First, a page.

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ZDHC Training Helps Brands Deliver on Commitments

An accredited, ZDHC training provider, UL organizes sessions around the world to teach sustainable chemical management to key stakeholders along the supply chain.

Textile industry - yarn spools on spinning machine in a textile factory

March 4, 2019

As with discarded New Year’s resolutions, some brands set themselves up for failure when it comes to delivering on their sustainable chemistry commitments. Their intentions are good but acting upon them can be difficult.

That’s why organizations that provide third-party services, such as UL, help brands and retailers follow through on their Zero Discharge of Hazardous Chemical (ZDHC) Program commitments. An accredited, ZDHC training provider, UL organizes sessions around the world to teach sustainable chemical management to key stakeholders along the supply chain.

“The idea behind ZDHC is that since many brands share the same supply chain—meaning that one manufacturer produces products for many brands—there may be a more efficient decrease of hazardous chemical use through consistent, sustainability demands from brands and retailers,” said Elisa Gavazza, a global lead for chemical management, UL.

By stating sustainability goals and setting clear intentions with suppliers, companies can create a path to chemical reduction.

“To be successful, supply chain factory managers need to understand what is being asked of them and trained in how to successfully comply with brand demand,” Gavazza said.

Global workshops

UL routinely offers ZDHC trainings around the world, such as the one held July 2018 in Cairo, Egypt under the framework of the United Nations Industrial Development Organization’s (UNIDO) “The Egyptian Cotton Project.” Around 30 participants from regional production processing companies and local government representatives attended the two-day workshop to learn more about chemical use and how to implement a well-managed system, including developing a systematic approach to the procurement, storage, use and disposal of chemicals within a facility.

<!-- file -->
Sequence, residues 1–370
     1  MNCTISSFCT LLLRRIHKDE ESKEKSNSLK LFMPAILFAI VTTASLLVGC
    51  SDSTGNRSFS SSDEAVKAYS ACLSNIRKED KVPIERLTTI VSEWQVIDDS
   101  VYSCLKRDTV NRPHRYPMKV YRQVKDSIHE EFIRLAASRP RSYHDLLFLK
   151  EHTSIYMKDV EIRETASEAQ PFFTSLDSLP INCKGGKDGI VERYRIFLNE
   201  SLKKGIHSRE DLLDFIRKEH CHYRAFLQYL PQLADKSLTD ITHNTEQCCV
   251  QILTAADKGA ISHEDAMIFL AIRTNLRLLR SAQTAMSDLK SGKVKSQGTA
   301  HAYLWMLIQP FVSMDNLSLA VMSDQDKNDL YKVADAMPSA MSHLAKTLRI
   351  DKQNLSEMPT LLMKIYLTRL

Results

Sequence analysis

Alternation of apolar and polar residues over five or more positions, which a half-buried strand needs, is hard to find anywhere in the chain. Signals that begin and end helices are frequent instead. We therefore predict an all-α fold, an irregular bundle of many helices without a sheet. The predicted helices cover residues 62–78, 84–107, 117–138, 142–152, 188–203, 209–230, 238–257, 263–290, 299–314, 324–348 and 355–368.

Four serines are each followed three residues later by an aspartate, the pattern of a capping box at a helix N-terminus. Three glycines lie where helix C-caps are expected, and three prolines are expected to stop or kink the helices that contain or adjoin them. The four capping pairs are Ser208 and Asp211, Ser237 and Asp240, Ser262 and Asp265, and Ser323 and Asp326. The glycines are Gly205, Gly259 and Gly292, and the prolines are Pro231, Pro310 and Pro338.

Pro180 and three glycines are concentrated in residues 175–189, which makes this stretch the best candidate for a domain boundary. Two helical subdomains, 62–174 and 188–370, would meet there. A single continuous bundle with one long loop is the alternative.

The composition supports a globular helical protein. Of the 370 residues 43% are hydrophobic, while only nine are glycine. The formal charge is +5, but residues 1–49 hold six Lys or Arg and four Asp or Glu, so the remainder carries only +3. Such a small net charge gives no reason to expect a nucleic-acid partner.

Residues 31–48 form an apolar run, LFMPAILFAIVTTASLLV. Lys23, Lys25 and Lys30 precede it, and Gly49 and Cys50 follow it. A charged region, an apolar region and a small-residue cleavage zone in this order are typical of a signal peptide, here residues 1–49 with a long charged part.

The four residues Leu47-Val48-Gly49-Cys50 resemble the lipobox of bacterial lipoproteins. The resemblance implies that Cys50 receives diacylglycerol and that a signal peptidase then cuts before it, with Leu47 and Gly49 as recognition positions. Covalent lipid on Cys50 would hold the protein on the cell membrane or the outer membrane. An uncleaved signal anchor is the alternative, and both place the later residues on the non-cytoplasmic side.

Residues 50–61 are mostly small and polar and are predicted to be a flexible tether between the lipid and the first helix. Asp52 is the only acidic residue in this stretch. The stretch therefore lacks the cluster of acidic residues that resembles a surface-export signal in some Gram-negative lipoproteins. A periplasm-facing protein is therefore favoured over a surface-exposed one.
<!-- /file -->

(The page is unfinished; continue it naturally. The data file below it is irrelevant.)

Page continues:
Production processing occurs whenever water is mixed with chemicals, i.e., coloring, bleaching and so forth.

Gavazza led the workshop in English, the official technical language, along with Foued Mellouli, who speaks Arabic. Offering events in English and the language of the host country allows participants to fully understand difficult concepts.

“We train in a way that allows participants to share their experiences and to ask interactive questions,” Gavazza said. “The idea is to be local, with a limited number of people to guarantee interaction and to focus on the issues most important to the host country.”

Brand collections going green

Chemical management offers many benefits to production processing companies and retail manufacturers, such as protecting employee health and safety plus reducing toxins released as wastewater into waterways. But, another benefit exists, one that is becoming increasingly important—brand reputation.

“If you look on the websites of many brands and companies, you will find sections related to sustainability, with many brands now producing collections with low-environmental impact,” Gavazza said. “People care more about the environment and they know what’s going on in the green space.”

Chemical sustainability, part of a greater movement

ZDHC commitment is growing, with a collaboration of 24 brands, 59 value chain affiliates and 15 associates working to support safer chemical management practices.

“It’s an even bigger movement if you consider the detox campaign from Greenpeace,” said Ilaria Colombo, a marketer with UL Consumer & Retail Services division. “Additionally, many others have taken their own path to detox.”

Brands are contacting us directly to organize private ZDHC trainings for their suppliers and producers,” Colombo said.

Proof that while it’s easy to sign on to an initiative or to independently commit to change, it takes adjustments at the agricultural, processing and production level for a brand to make good on its promise.

Gavazza offered this advice to brands and retailers:

Step 1: Determine the goals of your detox program, including establishing a clear list of chemicals to phase out with ambitious deadlines.

Step 2: Communicate your intentions to your supply chain and discuss how you and the suppliers can work together to achieve your goals.

Step 3: Train your supply chain factory managers. Ask them to attend a ZDHC or another chemical management workshop.

Step 4: Stick to your deadlines and commitments.

“We recognize that reaching your detox goal will not be easy. Great effort and energy will be required. So, adopt a risk approach. Choose the highest-risk factory to start with. Once you’ve gained experience with the key suppliers, you can use it to involve your global supply chain more and more,” Gavazza said.

Click here to learn more about how UL organizes private ZDHC training sessions for you and your suppliers.

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